Friday, November 20, 2009

eHow's Plagiarism Flag Stealing Earnings from Writers without Due Process

I've been watching the plagiarism flag sagas of several eHow members and been following the situation closely--even corresponding with members who are dealing with this. The post below was posted by one member on the eHow message board this morning and I asked if I could reproduce it here as I think it covers everything that is wrong with eHow's plagiarism policy. Especially note the sections in italics as they are particularly salient.

This is an important issue and I think eHow writers need to push eHow to review their plagiarism policy and make it more equitable.

Mrasey writes (having dealt with the plagiarism flag all week):

I would imagine now that new content goes through a plagiarism check that the number of plagiarism flags on eHow should diminish. Because they will have an internal time/date stamp that the content was unique upon initial publication. I would hope that future plagiarism flags would not result in temporary suspension or removal precisely because of the time/date stamp. This should allow eHow to feel pretty confident that their flag is catching someone offsite who has stolen content and they should be able to implement a system where authors are notified of the problem and given 2-3 days to prove their innocence, if that is necessary.

I hope that eHow does modify their plagiarism policy to incorporate the credibility given by the initial plagiarism scan upon publication.

Old content will continue to be a problem, however. This is what happened to me. I edited an old article and hit publish and got a flag because of all the sites that had scraped my work from eHow. Because eHow removed the article, I didn't have a direct link and that made it difficult to prove my case to some sites (although I ultimately prevailed in all cases at having sites remove my content). Further, when my article comes back, I will have lost quite a bit of money and based on what others have said, lost rank in the search engines which will hurt my income for months to come.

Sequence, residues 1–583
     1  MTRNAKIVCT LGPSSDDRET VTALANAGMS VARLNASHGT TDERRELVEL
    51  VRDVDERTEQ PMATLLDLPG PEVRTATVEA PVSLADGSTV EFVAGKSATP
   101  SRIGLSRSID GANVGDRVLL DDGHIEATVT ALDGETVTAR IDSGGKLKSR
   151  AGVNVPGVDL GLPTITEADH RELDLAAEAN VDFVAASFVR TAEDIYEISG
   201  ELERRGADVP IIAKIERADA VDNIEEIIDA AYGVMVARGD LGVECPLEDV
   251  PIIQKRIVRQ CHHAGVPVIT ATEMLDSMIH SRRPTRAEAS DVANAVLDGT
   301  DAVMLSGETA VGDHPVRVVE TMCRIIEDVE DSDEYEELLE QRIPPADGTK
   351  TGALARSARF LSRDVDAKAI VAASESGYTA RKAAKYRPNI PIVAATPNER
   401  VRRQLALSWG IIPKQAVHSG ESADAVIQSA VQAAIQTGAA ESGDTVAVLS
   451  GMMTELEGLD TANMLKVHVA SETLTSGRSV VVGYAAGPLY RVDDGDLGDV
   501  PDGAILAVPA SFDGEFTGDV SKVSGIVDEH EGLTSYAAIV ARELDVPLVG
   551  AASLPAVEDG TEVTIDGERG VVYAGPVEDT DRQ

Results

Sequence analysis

So while it is demoralizing and depressing, it is also a financial issue. All my hard work is wiped out because I am presumed guilty without sufficient evidence of guilt. That is my core issue with the way eHow handles plagiarism. They have no idea who is guilty, but pass judgement all the same. Judgement that hinders the author's ability to defend themselves and has lasting negative effects on their income.

It would be one thing if content was removed for a day and if these investigations were executed quickly, but that's not what happens. These plagiarism flags drag out. Content is removed for weeks at a time and the length of time it takes to resolve these issues is what creates the biggest chunk of financial loss.

Also consider the money eHow makes on the redirect to other pages when someone tries to visit your suspended content. Is the author compensated appropriately for this income once they are proven innocent and reinstated? Does that factor into the secret algorithm?

From a corporate due diligence perspective, I have to wonder how it is that it's okay to essentially cost people money based on suspicion alone. How is that protecting anybody? As much as eHow wants to avoid legal liability for plagiarized content, they actually create an additional legal liability, in my opinion, by robbing users of income without due process. eHow has closed one legal liability door and opened another which I don't think was the goal.

I think there are serious issues with their current policy. All it takes is the right mix of circumstances for someone to put together a legal claim.


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